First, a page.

Have you noticed that more and more cereal brands are featuring nutrition facts front and center on their packaging? It seems like an off-the-wall question, but it may have more to do with marketing your law firm to prospective clients than you may think.
Many consumers feel that possessing more information empowers them to make good decisions, which means they may be willing to reach for products that readily provide data and other information. This can apply to the legal field as well. In fact, a legal email newsletter (e-newsletter) that abides by the following guidelines can provide valuable information to current and potential clients, and brand your law firm as the “go to” legal resource in the community.
Write about Specific Topics
It can be tempting to write about broad subjects in order to appeal to most readers, but painting too large a picture can actually work against you. Zero in on a hot topic sure to strike the fancy of a niche audience group, and then run with it. Then, appeal to a different group of readers the next time. This strategy ensures that all readers find relevant content in your legal e-newsletter and that the content remains fresh.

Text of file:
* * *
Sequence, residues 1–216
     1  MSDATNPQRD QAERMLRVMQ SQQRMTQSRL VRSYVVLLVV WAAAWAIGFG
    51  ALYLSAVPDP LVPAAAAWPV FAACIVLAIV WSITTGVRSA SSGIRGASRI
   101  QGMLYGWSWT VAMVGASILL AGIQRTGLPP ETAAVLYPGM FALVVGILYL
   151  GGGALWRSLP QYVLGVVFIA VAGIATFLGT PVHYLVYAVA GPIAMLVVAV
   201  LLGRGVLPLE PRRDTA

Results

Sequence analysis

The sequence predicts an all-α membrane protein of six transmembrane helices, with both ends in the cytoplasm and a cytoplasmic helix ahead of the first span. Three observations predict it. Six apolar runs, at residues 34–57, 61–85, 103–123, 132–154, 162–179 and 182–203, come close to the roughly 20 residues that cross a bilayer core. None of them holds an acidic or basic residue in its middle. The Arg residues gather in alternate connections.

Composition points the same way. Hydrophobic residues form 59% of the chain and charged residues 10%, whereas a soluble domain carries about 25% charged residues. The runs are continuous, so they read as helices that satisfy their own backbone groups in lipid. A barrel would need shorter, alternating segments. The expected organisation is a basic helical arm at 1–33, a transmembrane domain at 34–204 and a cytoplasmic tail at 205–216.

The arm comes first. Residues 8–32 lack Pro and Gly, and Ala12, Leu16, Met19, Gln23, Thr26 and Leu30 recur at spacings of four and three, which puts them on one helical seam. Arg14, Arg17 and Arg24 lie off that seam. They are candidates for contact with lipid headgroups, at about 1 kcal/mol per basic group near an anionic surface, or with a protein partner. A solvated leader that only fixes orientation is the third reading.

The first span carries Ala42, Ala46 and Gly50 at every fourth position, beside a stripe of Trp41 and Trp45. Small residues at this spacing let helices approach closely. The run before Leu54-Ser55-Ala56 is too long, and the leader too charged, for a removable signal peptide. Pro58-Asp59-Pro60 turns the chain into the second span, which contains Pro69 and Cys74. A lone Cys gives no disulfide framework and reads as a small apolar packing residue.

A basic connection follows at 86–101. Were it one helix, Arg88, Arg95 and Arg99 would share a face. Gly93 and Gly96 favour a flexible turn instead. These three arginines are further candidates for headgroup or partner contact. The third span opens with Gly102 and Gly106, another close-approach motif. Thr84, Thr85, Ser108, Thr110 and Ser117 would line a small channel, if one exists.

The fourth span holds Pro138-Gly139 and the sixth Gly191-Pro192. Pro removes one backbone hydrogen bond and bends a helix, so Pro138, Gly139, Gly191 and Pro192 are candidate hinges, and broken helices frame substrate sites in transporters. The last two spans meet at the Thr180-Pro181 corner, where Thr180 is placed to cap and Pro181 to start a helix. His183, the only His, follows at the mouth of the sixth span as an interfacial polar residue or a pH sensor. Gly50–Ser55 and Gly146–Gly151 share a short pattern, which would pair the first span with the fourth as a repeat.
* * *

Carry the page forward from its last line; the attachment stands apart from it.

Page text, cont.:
For instance, a firm specializing in bankruptcy and family law could fashion a newsletter geared toward divorcees with children, providing content focused on how to help kids adjust to post-divorce life. In the next edition, the focus could switch to young divorcees in their 20s and the long-term financial effects of divorce.
Create a Riveting Email Subject Line
None of your legal newsletter content strategies matter if prospects don’t open the email in the first place. The first step toward accruing readership is to create email subject lines that catch the recipient’s attention quickly and thoroughly enough that they’re willing to interrupt their day to read your content.
The email marketing service provider MailChimp, which scrutinized the click rates of more than 200 million email campaigns, suggests the following best practices for creating email subject lines.
- Do include a brief teaser of the email content.
- Do keep subject lines to 50 characters or less.
- Do utilize local terms such as city names.
- Don’t repeat the same subject line for every newsletter email campaign.
- Don’t use the terms “help,” “percent off,” and “reminder.”
- Don’t use excessive capitalization, exclamation marks, and clichéd promotional phrases.
Make the Features Relatable
Nothing screams “don’t bother reading me!” louder than dry legal content. It’s important to be informative, but your legal newsletter doesn’t need to read like a textbook. Make sure your audience can relate to the features on an emotional level as well as an intellectual one; human interest pieces and analyses of current events, Q & A’s, and even short videos can keep things entertaining while remaining educational.